Except for the founding members, also in the Universe Journal, led by Stelian Popescu, they published also the lists of the sole party leaders, the NRF, corporately and professionally organised, according to the 1930 constitutional principles. The structure of the Directorate highlights the eclectic nature of the persons named by royal decree. For agriculture and manual labor 1) Armand Călinescu, 2) Flondor Gheorghe, 3) Gherman Iftimie, 4) Jebeleanu Ioan, 5) Ionescu Siseşti, 6) Şerban Mihail, 7) Seşcioreanu Constantin. For commerce and industry 1) Angelescu Constantin, 2) Bujoi Ion, 3) Const. Mitiţă, 4) Gafencu Grigore, 5) Gigurtu Ion, 6) Savu Eugen, 7) Slăvescu Victor. For intellectual metiers: 1) Petre Andrei, 2) Cancicov Mircea, 3) Cazalciu Grigore, 4) Ghelmegeanu Mihai, 5) Haţieganu Iuliu, 6) Iamandi Victor, 7) Ralea Mihail[12] . We also want to point that the Directorate was meant to be the leading decision-making body of the party. In this sense, the political elites, who formed this body, were figures of the traditional political parties, predominantly from those parties which were banned by the decree of March 1938.

The NRF Supreme Council was made up of 150 members, 50 members for each of the three trades stipulated in the Constitution. The royal advisors and founding members would take part anytime in the National Supreme Council meetings. The members of the Directorate and the National Supreme Council were appointed by royal decree on a 2 year term on the ministers’ council proposition[13] . The decisional architecture of the sole party was composed of a small number of members. The president of the Superior Council was Armand Calinescu, the prime minister, and the president of the sole party, and since the 23rd of January 1940, Alexandru Vaida-Voevod, was elected. Vaida-Voevod’s choice as president of the sole party, the head of the Superior NRF coincided with the initiative of King Carol II, to reorganize the front. The President led the Executive Board and the Superior Council of the NRF.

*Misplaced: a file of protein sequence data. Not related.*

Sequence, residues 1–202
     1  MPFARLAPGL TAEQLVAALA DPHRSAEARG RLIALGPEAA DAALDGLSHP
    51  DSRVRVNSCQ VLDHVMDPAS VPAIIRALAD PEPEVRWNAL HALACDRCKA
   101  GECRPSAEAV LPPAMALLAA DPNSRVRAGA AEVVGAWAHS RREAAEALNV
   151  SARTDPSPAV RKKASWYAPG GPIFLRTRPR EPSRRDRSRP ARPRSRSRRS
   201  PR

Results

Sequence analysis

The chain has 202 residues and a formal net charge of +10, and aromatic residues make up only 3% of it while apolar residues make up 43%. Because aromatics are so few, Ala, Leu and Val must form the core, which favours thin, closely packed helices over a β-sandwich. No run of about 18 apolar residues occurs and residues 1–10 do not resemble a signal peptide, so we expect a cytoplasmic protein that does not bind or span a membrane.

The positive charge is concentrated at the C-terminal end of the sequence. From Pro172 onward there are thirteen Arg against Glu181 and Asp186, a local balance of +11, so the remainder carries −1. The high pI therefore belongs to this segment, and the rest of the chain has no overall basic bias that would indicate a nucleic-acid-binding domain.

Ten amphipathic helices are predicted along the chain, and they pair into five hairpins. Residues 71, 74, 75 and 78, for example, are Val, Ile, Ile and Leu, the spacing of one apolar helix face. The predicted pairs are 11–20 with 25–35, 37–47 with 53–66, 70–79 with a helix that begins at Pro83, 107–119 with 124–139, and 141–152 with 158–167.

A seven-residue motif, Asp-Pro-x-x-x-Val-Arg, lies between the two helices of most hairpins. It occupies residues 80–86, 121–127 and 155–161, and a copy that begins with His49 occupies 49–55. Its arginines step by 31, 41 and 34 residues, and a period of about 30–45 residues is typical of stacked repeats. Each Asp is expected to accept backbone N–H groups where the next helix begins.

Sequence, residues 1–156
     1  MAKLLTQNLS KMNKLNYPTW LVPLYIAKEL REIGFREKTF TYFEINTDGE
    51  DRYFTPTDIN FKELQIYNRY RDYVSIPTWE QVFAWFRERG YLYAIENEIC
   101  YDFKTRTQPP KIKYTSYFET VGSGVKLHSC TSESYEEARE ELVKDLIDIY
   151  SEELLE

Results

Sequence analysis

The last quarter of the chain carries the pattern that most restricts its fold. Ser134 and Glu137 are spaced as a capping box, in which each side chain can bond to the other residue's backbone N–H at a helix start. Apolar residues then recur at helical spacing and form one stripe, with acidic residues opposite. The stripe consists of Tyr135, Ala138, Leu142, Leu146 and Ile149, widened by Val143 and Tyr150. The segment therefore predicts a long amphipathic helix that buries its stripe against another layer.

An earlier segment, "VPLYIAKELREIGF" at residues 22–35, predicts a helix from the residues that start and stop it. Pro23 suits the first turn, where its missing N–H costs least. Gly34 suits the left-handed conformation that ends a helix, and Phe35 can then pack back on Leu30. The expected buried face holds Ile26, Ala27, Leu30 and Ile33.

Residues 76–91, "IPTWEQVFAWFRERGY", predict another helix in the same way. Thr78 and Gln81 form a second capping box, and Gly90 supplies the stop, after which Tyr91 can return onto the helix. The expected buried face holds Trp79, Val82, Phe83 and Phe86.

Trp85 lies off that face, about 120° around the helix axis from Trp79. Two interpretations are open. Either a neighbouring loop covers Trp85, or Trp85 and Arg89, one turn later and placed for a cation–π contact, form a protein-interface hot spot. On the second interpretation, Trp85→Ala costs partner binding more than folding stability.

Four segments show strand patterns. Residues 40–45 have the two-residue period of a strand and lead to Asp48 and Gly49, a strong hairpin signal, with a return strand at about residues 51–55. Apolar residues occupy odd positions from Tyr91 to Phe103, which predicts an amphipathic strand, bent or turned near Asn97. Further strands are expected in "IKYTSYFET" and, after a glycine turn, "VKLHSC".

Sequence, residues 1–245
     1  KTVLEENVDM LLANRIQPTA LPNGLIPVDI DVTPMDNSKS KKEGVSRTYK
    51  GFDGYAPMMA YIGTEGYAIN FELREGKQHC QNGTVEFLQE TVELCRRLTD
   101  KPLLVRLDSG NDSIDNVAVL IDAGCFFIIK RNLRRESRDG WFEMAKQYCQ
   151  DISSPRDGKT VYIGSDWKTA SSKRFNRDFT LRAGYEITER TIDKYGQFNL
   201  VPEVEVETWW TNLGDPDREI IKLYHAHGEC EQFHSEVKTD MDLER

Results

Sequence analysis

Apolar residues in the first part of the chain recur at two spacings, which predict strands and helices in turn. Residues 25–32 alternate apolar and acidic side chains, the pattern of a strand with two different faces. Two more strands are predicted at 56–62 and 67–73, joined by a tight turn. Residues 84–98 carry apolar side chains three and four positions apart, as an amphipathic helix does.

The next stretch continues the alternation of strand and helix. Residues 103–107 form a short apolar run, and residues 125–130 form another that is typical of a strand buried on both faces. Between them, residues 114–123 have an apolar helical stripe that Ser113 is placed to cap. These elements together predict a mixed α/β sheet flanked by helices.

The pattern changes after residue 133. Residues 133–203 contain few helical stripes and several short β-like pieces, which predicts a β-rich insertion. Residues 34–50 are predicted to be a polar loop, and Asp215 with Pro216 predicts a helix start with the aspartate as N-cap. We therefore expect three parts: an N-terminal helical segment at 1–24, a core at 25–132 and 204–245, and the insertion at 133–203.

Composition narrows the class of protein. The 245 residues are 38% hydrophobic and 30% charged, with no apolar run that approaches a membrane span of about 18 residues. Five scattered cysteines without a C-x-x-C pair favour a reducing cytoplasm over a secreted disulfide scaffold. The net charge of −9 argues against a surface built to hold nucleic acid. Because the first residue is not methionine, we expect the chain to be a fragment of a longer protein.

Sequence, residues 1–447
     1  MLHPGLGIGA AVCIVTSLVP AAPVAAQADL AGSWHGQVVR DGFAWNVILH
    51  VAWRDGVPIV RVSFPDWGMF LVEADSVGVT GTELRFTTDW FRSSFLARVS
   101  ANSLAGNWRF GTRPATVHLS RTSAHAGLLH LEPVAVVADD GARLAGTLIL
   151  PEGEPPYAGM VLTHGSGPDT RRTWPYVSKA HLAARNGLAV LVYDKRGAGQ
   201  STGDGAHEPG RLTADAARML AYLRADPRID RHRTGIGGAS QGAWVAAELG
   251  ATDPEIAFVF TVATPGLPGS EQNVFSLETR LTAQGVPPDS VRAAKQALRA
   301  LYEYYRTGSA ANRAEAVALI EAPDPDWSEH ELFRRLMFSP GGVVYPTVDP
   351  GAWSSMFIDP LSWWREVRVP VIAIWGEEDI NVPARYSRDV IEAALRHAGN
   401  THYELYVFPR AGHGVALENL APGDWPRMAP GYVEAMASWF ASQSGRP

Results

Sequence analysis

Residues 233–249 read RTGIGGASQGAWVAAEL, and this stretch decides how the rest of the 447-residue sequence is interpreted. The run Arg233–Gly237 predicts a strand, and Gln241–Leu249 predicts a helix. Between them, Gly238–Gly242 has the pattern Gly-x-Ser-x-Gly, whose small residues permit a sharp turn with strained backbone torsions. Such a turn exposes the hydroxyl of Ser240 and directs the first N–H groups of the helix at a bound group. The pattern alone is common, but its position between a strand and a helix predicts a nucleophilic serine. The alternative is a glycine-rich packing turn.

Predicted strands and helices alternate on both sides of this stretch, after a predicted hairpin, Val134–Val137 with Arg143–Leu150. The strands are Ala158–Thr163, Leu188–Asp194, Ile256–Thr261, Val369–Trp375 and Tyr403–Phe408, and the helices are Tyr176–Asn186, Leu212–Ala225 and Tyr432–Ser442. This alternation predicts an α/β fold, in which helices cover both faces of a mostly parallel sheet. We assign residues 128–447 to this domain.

By reorganizing the National Renaissance Front, on January 20, 1940, it was agreed that the elected ruling bodies be no more nominated by royal decree, and instead be approved by the Ministry of Internal Affairs and proposed by the Council of Ministers. Gheorghe Tătărescu, the prime minister, was appointed as vice-president of the sole party. The vice-presidents of the royal party were also vice-presidents of the executive body of the Front. C.C. Giurescu was designated as general secretary of the NRF. Nicolae Cornăţeanu, former rapporteur of the Assembly of Deputies, was appointed first secretary for agriculture and manual labour, and served as minister of the Agriculture and president of the Council of Ministers headed by Armand Călinescu. Ion Bujo, prime Secretary for Trade and Industry. Victor Moldovan - prime Secretary for intellectual professions, and General Peter Georgescu was appointed National Commander of the NRF Guard[14] . The construction of the central leadership of the sole party emphasizes that the appointees originated from three different political groups and it was hoped that by designating them “we will be able to intercede resolution agreements with opposing political parties”[15]. Trying to achieve national reconciliation, to offer a real political support, that came also from Maniu’s and Brătianu’s parties, PNT (National Peasant Party) and respectively PNL (National Liberal Party), Carol resorted to the three nominations, portraying an image of the three-headed sole party, offering some support, possibly a democratic one.